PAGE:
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SMSF advice shift needed on aged care

SMSF advice shift needed on aged care

Assyat David
Sarah Kendell
05 September 2019 — 1 minute read

SMSF advisers will need to change the way they approach portfolio construction and the advice process for retired fund members, as aged care costs in the latter stages of retirement are likely to exceed a typical self-funded retiree’s pension income, according to an aged care consulting firm.

Aged Care Steps director Assyat David told SMSF Adviser the traditional approach of providing a set annual income in retirement funded through pension assets would likely no longer suffice for SMSF members in particular, given their penchant for independence and the comparatively higher costs of in-home care.

“If [the member] wants to stay at home and have that control and independence, they need to plan for that phase of retirement, whereas most people plan for how much they need at the beginning, so the amount of what they think they need in an SMSF is probably underfunded,” Ms David said.

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“If they get a home package, they still have to make a contribution towards it, and the reality is that a home care package probably isn’t going to be enough. 

“They will have to supplement that with extra care, and they will probably have to spend a little bit towards changing the home to make it more usable for someone who doesn’t have the same accessibility, like if they are in a wheelchair and can’t go up and downstairs.”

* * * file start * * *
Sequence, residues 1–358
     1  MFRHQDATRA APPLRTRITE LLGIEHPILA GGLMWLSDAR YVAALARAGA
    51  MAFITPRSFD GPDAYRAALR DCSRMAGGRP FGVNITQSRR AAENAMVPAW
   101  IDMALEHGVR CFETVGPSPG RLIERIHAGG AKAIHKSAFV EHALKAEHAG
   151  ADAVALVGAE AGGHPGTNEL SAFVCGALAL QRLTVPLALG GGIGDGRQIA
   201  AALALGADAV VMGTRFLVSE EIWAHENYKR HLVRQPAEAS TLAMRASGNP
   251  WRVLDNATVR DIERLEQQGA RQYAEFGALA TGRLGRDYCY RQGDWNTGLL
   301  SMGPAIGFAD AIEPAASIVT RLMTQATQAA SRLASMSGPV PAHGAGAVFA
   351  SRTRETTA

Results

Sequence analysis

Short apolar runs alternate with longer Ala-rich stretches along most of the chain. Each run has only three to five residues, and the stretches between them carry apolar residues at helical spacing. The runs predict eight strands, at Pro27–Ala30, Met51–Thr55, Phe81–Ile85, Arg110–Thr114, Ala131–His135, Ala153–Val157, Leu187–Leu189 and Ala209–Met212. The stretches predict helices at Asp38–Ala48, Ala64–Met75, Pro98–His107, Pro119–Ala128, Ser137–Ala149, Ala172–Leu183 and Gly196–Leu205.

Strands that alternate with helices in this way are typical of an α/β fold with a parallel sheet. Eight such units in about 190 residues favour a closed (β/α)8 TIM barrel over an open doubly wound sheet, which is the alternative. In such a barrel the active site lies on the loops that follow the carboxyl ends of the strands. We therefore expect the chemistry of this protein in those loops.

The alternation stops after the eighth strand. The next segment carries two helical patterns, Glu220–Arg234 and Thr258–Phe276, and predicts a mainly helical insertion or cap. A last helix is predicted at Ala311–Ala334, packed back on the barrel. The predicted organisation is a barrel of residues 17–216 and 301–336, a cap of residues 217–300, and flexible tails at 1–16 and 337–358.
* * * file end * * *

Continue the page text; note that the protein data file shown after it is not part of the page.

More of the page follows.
Ms David pointed to Aged Care Steps research showing that by relying on the ASFA retirement standard of around $43,000 for a single person in pension phase, the extra expenditure involved in home care and associated preparations would see the SMSF member run out of money by age 87.

Modelling completed by the firm revealed retirees should budget at least $46,000 additional income per year in the aged care phase of retirement, making the family home a crucial second source of income given government caps on retirement phase assets in super.

“There’s all sorts of strategies they can consider at that point in time — there’s downsizing, there’s using the pension loan scheme which is now available to self-funded retirees, and there’s other means of being able to use the equity in their home and look at supplementing their income with that,” Ms David said.

She suggested that advisers looking at portfolio construction in pension phase using the “bucket strategy” should look at adding a “bucket” specifically dealing with aged care funding on top of the traditional cash, conservative and growth investment streams for retirees.

“They can then be having a conversation [with the trustee] saying at some point in time you’re not going to have enough money in your super, so you could draw down from the house, or you could downsize and use the $300,000 to go into super, so it’s all about customising in terms of what matters to them,” Ms David said. 

SMSF advice shift needed on aged care
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